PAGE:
Talking to students at Inglewood High School, noted jazz drummer Albert (Tootie) Heath explained that his nickname did not come from any experiments with wind instruments.
The name, the 54-year-old Heath said, came from a grandfather who apparently had a passion for tutti-frutti ice cream. “I’m glad I wasn’t born in the ‘80s,” the drummer said. “My name would be Haagen-Dazs or Frusen Gladje.”
Two old Spitfire pilots dropped in on the Museum of Flying at Santa Monica Airport on Friday to wax sentimental over the two flyable Spitfires there and dredge up a few memories about their days with the Royal Air Force’s 127th Fighter Squadron in World War II.
They saw each other this week for the first time in 44 years.
Ted E. A. W. Smith, 66, manager of radio station KLBJ in Austin, Tex., and David Fyfe, 71, a retired Bel-Air developer and apartment house owner, were two of those few to whom (Winston Churchill said) so many owed so much in the Battle of Britain.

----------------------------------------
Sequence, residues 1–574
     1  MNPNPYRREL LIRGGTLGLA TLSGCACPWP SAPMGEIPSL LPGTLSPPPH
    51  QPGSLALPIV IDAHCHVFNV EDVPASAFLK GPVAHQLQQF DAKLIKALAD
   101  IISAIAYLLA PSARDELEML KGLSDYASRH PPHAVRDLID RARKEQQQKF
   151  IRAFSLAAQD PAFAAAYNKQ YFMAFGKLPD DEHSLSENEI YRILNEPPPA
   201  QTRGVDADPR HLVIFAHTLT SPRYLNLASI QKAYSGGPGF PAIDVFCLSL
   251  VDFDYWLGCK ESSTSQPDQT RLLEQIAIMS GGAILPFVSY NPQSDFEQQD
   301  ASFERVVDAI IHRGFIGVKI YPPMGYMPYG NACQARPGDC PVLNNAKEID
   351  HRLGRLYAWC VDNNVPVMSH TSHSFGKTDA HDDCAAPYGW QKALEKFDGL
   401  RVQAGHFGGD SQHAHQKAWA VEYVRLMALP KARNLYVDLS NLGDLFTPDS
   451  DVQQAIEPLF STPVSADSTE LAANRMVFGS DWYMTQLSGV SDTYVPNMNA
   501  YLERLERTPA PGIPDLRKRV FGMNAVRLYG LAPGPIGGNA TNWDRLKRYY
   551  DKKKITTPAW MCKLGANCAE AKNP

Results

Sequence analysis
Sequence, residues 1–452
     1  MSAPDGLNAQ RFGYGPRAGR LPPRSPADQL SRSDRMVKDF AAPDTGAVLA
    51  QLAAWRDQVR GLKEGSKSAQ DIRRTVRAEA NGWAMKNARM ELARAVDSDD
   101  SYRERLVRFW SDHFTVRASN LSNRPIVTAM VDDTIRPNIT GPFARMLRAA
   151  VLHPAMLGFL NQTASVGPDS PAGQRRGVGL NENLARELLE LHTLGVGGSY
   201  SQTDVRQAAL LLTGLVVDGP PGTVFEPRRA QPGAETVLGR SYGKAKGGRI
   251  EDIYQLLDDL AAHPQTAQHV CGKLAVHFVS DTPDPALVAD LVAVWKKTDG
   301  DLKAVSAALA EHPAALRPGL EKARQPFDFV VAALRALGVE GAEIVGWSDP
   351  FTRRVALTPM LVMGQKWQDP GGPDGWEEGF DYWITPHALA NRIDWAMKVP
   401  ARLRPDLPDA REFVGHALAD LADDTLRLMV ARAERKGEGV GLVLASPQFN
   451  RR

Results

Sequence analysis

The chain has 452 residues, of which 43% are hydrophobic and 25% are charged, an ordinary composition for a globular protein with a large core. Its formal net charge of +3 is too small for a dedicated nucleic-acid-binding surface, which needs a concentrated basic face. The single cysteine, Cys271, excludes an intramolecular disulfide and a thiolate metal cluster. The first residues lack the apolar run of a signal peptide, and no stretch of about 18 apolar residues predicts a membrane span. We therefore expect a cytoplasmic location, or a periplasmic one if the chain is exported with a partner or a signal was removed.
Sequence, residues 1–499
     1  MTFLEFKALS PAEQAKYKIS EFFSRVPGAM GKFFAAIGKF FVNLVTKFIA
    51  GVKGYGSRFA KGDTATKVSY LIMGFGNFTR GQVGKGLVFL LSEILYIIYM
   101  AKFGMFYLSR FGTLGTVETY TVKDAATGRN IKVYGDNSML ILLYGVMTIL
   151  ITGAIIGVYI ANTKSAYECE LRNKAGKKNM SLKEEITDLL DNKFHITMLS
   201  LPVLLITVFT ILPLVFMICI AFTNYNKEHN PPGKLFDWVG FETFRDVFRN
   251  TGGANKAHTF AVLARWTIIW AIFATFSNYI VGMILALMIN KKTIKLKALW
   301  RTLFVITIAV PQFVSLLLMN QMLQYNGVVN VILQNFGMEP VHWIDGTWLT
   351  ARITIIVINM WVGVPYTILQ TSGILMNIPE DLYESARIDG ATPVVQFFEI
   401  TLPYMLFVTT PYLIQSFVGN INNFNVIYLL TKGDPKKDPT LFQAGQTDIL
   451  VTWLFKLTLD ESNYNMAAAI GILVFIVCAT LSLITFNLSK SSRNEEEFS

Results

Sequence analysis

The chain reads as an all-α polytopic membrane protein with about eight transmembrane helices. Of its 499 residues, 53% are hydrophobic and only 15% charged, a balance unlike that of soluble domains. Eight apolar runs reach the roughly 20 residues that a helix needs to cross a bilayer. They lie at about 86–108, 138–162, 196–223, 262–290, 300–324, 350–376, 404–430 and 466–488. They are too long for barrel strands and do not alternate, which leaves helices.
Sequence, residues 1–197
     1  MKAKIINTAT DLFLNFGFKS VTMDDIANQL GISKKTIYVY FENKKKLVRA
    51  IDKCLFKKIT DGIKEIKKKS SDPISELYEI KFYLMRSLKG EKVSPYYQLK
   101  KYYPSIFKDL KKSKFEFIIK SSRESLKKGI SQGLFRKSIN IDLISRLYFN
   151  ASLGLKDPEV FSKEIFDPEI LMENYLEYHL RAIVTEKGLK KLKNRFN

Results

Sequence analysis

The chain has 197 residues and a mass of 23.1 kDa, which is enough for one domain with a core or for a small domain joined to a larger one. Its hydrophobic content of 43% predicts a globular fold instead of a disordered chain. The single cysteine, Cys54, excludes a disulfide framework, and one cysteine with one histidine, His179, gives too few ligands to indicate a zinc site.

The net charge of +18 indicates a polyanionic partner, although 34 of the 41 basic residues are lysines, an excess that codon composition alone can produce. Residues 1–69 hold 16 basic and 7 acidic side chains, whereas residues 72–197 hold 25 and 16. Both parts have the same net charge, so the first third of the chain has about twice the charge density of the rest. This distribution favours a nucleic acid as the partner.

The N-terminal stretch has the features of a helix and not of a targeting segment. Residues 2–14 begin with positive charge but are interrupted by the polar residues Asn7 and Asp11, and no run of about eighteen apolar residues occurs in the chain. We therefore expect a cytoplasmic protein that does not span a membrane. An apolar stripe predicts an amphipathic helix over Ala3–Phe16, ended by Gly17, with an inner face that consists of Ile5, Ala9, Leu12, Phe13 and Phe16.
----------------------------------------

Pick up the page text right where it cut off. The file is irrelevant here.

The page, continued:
They made contact a while back when Fyfe answered an aviation magazine ad placed by Smith, who was writing his book, “Spitfire Diary” and was looking for old squadron mates. They finally met again in person Wednesday when Smith came to Los Angeles.
As far as they can tell, they are the only two members of the 127th living in the United States. Perhaps another five are still alive in England. “We’re survivors,” Fyfe said.
The Museum of Flying, incidentally, will celebrate the 50th anniversary of the famed fighter plane at 2 p.m. Sunday with demonstration flights, displays and a big cake.